The Golden Load

The opening lines to William Blake's To Autumn read:
O Autumn, laden with fruit and stained
With the blood of the grape, pass not, but sit
Beneath my shady roof.
Sounds familiar to those of up here NotB: we've got fruit in gross abundance, we're up to our nips in grapes, and we'd like nothing more than autumn to park her lush keester under our roofs for a while and end our run of uninspiring windswell.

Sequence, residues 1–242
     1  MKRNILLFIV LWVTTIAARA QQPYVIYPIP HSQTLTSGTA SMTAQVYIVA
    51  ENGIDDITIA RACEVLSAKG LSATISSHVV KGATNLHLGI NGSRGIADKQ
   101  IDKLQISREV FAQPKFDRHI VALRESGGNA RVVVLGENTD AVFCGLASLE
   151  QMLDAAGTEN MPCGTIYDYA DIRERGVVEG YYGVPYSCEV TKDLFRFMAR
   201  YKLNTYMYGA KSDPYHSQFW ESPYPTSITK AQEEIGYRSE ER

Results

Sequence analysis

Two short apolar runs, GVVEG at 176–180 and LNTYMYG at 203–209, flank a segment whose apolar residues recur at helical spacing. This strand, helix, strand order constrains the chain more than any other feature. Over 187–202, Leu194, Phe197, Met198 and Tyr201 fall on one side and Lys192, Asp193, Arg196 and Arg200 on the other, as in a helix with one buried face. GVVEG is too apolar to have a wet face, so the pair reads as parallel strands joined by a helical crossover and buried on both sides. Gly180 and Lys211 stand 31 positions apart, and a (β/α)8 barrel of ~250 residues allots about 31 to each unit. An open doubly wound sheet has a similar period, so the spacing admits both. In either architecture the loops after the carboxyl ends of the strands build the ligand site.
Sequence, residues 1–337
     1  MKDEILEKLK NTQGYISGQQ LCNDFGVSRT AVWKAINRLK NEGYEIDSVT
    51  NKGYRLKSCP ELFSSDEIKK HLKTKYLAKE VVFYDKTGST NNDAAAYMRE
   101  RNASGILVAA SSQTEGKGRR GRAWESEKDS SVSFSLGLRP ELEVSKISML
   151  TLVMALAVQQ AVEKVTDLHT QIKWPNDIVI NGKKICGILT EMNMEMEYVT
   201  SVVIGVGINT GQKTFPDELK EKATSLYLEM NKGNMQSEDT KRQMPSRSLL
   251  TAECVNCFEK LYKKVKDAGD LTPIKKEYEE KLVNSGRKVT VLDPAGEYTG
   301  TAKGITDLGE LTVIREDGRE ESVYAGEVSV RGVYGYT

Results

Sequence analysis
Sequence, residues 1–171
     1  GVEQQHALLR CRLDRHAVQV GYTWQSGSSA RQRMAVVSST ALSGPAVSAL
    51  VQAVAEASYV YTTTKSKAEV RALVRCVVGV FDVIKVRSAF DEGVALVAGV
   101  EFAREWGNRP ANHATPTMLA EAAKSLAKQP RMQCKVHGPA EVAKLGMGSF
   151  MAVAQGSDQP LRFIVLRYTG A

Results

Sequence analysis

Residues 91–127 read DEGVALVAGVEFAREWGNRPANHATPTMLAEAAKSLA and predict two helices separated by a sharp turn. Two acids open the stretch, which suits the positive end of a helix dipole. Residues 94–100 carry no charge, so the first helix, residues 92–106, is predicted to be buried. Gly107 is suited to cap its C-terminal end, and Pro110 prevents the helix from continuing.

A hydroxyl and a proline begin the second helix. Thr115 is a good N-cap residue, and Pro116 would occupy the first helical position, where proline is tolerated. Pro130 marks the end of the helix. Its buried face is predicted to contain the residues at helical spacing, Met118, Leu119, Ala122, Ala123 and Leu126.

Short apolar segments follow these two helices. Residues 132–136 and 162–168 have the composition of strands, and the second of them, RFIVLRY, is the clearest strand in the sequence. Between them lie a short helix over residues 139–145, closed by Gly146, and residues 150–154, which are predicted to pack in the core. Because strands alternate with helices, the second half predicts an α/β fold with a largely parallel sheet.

This autumn's bounty includes Paul's new golden 8' Broadsword pintail, just about ripe and ready for some steep Northcoast beachbreak.
Blake was regarded by many, incuding himself, as nuts. He concludes his poem with autumn rising, dusting off his boots, then:
o'er the bleak hills fled from our sight;
but left his golden load.
It is precisely because of these last lines that I no longer give this poem to high school students.